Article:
There seems to be a new trend this year where I don't get around to posting my monthly to-do list until closer to the middle of the month! Ah well, there hasn't been to much to do yet anyway, so I haven't been feeling too motivated. Some people are already excitedly checking their garden for signs of plants popping up, but in my shady and heavily-mulched yard, there is not much happening yet. I have however, just finished cleaning the windows so thoroughly that I feel like I'm going to fall out of my house! (That will be about the extent of my spring cleaning!)
With windows out of the way, it is time to start poking around the garden. Here are some yardwork tips for April:
- Finish pruning if you haven't already done so (see my February to-do list for more details)
- Start pulling back winter mulch (dried leaves) from the crowns of growing perennials, but don't remove it entirely until May, as those ladybugs need places to sleep!
- Start cutting back perennials left standing for the winter (this is spring's biggest job for me as I have A LOT of perennials, so I'll still be doing this into May. But I start in the sunniest, hottest areas of the garden and do the coolest, shadiest spots last.) Note that there are a few perennials such as bergenia and spring-flowering clematis which shouldn't be cut back!
- Once exisitng plants are growing, you can start moving them around the garden if you like. I have been known to start moving plants at the end of April, but there's no rush for this. This year, I have a few perennials overwintering in the veggie garden that I'm going to have to move by the end of the month (see below.)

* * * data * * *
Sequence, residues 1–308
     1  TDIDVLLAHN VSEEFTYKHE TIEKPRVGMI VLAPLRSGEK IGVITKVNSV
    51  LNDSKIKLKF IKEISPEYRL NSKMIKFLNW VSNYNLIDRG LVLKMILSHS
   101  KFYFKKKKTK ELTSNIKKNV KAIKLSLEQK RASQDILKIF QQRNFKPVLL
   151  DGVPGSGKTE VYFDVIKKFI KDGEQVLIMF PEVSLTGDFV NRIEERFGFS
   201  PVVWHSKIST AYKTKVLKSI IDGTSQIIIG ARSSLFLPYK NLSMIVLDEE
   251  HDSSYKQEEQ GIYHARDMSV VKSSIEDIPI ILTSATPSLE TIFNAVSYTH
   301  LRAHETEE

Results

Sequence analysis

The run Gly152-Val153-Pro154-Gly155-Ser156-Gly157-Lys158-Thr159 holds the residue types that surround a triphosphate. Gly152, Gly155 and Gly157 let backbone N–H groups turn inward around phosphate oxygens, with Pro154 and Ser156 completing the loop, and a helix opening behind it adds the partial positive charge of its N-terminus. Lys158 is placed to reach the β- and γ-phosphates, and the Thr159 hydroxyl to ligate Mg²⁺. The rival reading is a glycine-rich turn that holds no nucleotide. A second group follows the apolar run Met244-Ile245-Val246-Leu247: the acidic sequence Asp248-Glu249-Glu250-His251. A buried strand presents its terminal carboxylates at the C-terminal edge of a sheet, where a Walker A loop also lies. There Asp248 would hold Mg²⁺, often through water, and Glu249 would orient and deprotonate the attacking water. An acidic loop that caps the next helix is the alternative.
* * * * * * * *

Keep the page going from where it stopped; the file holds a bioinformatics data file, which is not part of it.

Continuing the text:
- I've started plenty of seeds of large, ornamental annuals to fill up the big, new garden area I've got in the front yard. It's not too late to start your own! Lavatera and nicotiana sylvestris are two of my favourites to start this month.
- Pansies can be planted out in pots now, for a shot of spring colour. And yes, you can leave them out to -5oC!!
- Plan the veggie garden in terms of what is going where, and how much of it. Practice crop rotation for a large garden, or if you have a small, square-foot-gardening style garden like me, crop rotation practically takes care of itself by making one small change to the design. Plenty of info can be found here in Vegetable Gardening in Calgary 101.
- I direct-sow all my vegetables (except tomatoes, of course!) so I'll be topping up my raised beds with my own worm castings and store-bought compost to get them ready to plant in early May. See this post When to Plant Vegetable Seeds in Calgary.
- I have quite a few seeds already started on my shelves in the basement. Here is a good post if you're wondering how to take care of your seedlings.
- Set up rain barrels.
- Clean, level and fill bird baths.